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Giving Up the Privilege of Disbelief to Find Creativity Again

Karin Kallmaker Craft of Writing, LIFE + STYLE, Resources 0 Comments

Some people thrive on chaos. Not me. My specialty is world-building happy places where two women become the heroes of their own lives. But the world under my feet is unstable, and too many of the people in it are making it worse – on purpose.

On top of that, as author Lara Hayes wrote recently at the Bella Media Channel, when trying to lift up voices of resistance and protest, it’s hard to get into the head space of creating our stories, let alone promoting them.

Cue the chorus of inner doubt and imposter syndrome. Their lyrics are the usual “You have nothing new to say give it up there are more important things to do nobody will read it” call and answer fugue, all through a pandemic megaphone.

What Can I Rely On?

One of the obvious responses to the voices, and the uncertainty, is to look for what hasn’t changed that I can rely on. The goodness of people, which I see in every mask. The leaders who might be flawed but genuinely want to help people survive and thrive. The selflessness of medical professionals. This approach works on days when the news isn’t dire.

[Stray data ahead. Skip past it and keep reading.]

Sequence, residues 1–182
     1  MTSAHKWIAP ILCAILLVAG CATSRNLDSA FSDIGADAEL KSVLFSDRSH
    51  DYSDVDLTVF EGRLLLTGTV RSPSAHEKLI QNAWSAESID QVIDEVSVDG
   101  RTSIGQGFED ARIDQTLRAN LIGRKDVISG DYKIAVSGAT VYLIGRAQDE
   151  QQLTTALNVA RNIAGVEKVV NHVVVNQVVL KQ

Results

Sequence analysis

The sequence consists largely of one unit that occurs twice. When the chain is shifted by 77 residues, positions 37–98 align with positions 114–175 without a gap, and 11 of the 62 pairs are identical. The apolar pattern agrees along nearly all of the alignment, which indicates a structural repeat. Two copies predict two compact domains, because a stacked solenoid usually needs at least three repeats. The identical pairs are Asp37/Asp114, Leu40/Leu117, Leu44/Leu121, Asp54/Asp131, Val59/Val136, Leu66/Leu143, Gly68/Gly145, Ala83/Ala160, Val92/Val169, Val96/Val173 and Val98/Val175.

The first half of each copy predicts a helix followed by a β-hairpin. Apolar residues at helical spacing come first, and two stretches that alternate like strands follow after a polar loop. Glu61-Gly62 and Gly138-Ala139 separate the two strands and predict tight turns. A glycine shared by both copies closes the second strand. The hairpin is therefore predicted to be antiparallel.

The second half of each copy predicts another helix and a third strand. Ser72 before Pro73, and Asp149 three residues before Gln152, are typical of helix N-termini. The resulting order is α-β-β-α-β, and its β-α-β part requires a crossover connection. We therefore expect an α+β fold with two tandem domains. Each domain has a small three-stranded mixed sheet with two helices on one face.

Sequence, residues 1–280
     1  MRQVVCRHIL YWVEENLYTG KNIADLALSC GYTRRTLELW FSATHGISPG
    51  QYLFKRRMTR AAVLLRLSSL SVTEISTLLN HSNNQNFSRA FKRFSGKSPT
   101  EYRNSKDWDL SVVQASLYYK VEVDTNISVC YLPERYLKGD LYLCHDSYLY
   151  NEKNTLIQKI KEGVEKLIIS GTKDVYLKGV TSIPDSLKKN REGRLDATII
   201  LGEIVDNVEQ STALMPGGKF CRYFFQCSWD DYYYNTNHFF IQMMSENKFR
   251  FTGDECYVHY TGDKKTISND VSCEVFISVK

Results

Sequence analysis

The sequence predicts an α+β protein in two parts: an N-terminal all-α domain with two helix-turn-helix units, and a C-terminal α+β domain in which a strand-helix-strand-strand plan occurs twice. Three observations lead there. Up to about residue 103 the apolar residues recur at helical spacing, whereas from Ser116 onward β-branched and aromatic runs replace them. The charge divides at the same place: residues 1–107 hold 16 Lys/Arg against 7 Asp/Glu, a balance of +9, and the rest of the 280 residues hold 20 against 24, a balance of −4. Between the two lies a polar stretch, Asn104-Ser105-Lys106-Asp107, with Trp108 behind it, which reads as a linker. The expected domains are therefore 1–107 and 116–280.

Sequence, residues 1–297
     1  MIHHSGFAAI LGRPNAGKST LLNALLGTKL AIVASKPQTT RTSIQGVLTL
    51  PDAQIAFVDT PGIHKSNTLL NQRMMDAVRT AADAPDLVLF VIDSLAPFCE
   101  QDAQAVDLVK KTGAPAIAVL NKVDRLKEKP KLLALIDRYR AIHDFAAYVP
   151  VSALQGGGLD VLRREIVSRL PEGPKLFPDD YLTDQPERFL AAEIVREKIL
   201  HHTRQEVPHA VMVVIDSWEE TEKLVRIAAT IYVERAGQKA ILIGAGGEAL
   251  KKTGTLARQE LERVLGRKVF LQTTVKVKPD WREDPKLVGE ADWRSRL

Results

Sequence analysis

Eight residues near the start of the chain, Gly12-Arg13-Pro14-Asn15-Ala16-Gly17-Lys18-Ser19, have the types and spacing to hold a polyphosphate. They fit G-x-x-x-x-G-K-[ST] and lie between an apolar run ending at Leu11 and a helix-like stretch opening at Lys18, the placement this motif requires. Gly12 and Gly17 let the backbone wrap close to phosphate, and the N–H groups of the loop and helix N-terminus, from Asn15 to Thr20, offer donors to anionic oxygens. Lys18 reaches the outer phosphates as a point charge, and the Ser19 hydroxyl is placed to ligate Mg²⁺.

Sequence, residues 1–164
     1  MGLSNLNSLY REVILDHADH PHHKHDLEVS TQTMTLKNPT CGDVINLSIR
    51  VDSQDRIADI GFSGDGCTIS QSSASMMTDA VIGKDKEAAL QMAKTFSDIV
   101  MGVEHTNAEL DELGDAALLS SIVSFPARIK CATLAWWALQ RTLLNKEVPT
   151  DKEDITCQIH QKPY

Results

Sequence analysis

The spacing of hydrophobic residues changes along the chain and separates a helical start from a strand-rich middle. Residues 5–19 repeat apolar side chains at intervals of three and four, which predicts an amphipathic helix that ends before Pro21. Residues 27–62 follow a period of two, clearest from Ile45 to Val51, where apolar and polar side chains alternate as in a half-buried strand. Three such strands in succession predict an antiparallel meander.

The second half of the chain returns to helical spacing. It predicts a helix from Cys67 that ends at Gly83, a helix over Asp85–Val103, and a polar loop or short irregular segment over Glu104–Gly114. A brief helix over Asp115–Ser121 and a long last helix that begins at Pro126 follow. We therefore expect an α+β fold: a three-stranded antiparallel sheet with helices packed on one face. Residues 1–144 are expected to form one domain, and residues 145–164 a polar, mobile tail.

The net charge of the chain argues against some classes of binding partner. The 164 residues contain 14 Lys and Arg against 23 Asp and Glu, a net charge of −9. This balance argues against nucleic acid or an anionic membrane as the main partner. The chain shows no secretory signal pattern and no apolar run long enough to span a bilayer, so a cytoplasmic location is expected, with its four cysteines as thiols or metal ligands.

This is not that day, week, or year. After 7 months of almost never leaving the house, and watching over and over the failures of things I took for granted (a competent disaster response, for example), I’ve had to conquer my own disbelief that any of this could happen here, in the country I love.

Disbelief was a privilege I had to discard if I wanted to rediscover my creative voice and energy.

Though my own rights as a queer person were systemically withheld, and freedoms hard won by the spectrum of resistance – from riots to courtrooms – I still believed justice won in the end, though it sometimes took far too long. Now I accept that justice isn’t merely slow, it’s nonexistent for too many people.

sidewalk chalk drawing stronger together but 6 feet apart


I believed science would save us from most of our folly – and I still do. But I now know there are people who don’t want it to, because their personal economy profits from disaster and death. Some people actively consider others disposable to their cause of making money.


I still believe with all my heart that love is the universal story, and love can make miracles. That’s the story I write. Now more than ever, I know that love is not enough. In the end, however, it may be all that we have.


Where does this leave me in the creative sense?

  • I have given up disbelief.
  • I accept that uncertainty and chaos are not “just for a while and then it’ll be normal again.” That was a paralyzing mantra.
  • Evil exists, and looking away can feel like the only way to stay safe, but seeing venality and selfishness is the only way to fight it in others – and in ourselves.
  • I am trusting my own eyes, and accepting that there is a long haul ahead of all of us toward a new, unknown normal.

With that choice, which seems so simple in retrospect, I’ve found creativity again. Which breeds joy, leads to words, and creates a book that I hope will find the reader who needs to read it as much as I needed to write it.

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